Why you should start taking portraits in the mid-sun
The harshest light for the portrait photographer
I’ll keep this as simple as possible and won’t go into the advantages or disadvantages of reflectors or diffusers. During the following examples I simply used my camera, experience and different lenses. The reason for that is, that if I go on a one of those kinds of shootings, I handle them alone and don’t have any assistant holding those gadgets for me. But even with those out of the pictures (don’t worry, this is the last poor word play until the very end), this post is probably going to be a long one, since there are so many misconceptions when it comes to photography in harsh sunlight.
And when I say harsh sunlight I mean the midday sun on a cloudless day. A nightmare for many available light Photographers. Even Pro’s like Brandon Woelfel completely avoid those times of the day and prefer to work specifically during dusk or dawn, also called the golden and blue hours (more on that in a different blog post).
When it comes to portrait photography I as well avoided the harsh sunlight, until I watched and learned from videos made by other photographers like Peter McKinnon or Jamie Windsor. Since then, I tried to use and effectively see the advantages from direct sunlight in my every day life and keep an eye out for cinematic shadows and interesting compositions. But why is it, that so many photographers dislike this time of the day in the first place?
The Problem with direct sunlight in portraits
First, direct sunlight is very, very bright. What that means is, without an ND filter (sunglasses for the lens so to speak) you can forget about beautiful bokeh (a depth of field, as you know it from classic portrait photography). Even with a shutter speed of 1/4000 of a second, you can’t open the lens far enough to get a decent depth of field. In my work as a portrait photographer, like most of my colleagues, I love depth of field. The only fix is either an ND filter or analogue photography with a film and an ISO value below 100.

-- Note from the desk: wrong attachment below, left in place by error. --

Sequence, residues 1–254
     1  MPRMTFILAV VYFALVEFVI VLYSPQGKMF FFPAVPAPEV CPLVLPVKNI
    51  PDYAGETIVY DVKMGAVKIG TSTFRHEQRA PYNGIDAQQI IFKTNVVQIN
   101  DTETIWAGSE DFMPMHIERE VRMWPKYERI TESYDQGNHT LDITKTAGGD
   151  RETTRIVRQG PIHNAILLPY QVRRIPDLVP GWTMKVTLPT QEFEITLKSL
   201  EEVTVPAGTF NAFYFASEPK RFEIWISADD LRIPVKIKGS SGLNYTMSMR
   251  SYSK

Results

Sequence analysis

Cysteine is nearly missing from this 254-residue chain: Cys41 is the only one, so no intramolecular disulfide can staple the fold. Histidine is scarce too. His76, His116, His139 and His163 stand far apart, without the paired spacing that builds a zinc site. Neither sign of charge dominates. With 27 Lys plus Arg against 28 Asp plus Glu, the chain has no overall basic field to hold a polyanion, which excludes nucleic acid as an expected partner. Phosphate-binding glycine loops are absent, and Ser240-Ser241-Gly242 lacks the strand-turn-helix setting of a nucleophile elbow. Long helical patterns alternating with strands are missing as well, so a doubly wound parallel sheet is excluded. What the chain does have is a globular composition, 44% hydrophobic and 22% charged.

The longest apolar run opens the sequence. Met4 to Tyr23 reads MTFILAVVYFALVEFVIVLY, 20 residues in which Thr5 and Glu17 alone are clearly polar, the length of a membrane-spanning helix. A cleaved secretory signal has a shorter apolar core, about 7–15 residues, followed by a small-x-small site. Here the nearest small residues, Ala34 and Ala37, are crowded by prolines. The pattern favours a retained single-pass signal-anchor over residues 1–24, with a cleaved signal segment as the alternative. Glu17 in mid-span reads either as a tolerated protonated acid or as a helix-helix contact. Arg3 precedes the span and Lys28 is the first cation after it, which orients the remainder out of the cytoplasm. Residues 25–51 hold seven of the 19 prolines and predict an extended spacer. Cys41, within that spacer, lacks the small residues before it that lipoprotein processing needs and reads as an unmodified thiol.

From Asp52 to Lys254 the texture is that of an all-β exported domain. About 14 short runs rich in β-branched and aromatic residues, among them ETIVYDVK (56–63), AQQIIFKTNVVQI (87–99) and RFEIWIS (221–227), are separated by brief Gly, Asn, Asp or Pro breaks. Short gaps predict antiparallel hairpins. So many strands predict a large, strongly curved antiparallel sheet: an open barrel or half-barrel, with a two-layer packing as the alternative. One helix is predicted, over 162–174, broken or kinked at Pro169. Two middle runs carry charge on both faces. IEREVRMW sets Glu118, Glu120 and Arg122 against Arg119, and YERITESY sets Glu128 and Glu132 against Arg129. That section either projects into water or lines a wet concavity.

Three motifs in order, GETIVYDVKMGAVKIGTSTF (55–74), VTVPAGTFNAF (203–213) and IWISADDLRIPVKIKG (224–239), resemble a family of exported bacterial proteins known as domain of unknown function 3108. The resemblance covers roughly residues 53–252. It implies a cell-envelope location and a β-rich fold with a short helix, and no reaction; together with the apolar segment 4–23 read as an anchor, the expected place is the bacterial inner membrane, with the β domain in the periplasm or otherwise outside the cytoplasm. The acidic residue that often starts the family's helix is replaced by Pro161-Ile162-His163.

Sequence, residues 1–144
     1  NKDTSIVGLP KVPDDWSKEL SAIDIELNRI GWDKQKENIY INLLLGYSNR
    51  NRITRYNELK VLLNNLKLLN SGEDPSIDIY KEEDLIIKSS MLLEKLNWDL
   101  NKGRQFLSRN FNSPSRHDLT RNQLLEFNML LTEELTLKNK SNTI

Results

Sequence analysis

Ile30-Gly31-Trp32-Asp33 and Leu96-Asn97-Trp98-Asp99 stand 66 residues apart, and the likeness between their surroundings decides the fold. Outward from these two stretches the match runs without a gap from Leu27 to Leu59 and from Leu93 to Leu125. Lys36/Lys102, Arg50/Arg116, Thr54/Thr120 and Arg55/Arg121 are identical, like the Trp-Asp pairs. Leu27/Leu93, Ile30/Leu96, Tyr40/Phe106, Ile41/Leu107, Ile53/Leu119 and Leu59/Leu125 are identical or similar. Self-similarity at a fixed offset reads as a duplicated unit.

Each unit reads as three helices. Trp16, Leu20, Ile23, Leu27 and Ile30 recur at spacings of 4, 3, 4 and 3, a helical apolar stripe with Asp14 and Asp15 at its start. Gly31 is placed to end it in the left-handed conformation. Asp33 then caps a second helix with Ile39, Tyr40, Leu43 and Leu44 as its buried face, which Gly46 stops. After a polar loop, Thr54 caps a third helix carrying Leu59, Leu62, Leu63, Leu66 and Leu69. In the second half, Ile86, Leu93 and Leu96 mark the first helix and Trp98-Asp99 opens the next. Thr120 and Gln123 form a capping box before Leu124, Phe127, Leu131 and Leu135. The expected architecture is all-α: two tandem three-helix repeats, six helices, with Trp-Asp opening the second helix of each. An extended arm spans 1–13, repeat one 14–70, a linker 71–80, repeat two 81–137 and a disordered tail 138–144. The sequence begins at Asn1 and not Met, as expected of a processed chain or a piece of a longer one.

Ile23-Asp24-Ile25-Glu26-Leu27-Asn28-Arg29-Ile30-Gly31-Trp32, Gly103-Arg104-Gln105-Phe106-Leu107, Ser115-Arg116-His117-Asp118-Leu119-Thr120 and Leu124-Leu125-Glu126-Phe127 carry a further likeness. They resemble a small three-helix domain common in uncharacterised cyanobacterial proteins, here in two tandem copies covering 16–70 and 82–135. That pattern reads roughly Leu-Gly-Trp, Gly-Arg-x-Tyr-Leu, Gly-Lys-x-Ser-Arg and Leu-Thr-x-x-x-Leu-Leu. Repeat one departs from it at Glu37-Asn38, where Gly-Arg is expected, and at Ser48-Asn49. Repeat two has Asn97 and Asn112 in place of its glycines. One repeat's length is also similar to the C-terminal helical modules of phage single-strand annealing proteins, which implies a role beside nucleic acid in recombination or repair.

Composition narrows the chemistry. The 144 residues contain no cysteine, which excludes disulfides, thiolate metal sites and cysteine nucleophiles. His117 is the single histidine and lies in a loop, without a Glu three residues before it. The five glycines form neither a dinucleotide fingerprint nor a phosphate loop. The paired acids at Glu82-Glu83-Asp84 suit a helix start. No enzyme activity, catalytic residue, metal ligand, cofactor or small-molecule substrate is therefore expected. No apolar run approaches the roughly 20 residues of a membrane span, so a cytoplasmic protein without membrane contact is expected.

To make matters worse, direct sunlight doesn’t illuminate the face as flattering as one might think. Anyone who was walking on the sidewalk on a warm summer’s day and thought, “I’ll take a nice selfie with the warm sun on my face” has probably given their ego a low blow: Completely cold-lit skin that reveals every impurity and the facial expression, the pinched look and highlighted dark circles under the eyes doesn’t really help either.
The fact that the direct midday sun doesn’t do the face any favors, you can forget the bokeh and have a harder time to isolate your model without an ND filter and there is relatively little atmosphere/drama (like a red sunset or a golden morning has to offer), it is reason enough for most available light photographers in the portrait area to completely avoid portrait shoots on clear summer days between 10 a.m. and 5 p.m.
Here is one huge problem with this restriction, people who are not into photography, think this must be the best time for portraits, since it’s warm and sunny right? And they might hire you and plan their available light shooting around the midday sun, so unless you want to be an Instagram fame photographer only working with models in the evening sun or neon light (you might have a little competition there but hey stay positive), sooner or later, you’ll have to make peace with this hot glowing orange ball in the sky. Guess what, you might even get some unique portraits from it if you do.
Learn from other genres of photography when approaching harsh sunlight
But what the direct, cloudless midday sun has to offer that no other light can, are contrasts with hard shadows and bright light. There is a species of photographer who is particularly happy about this.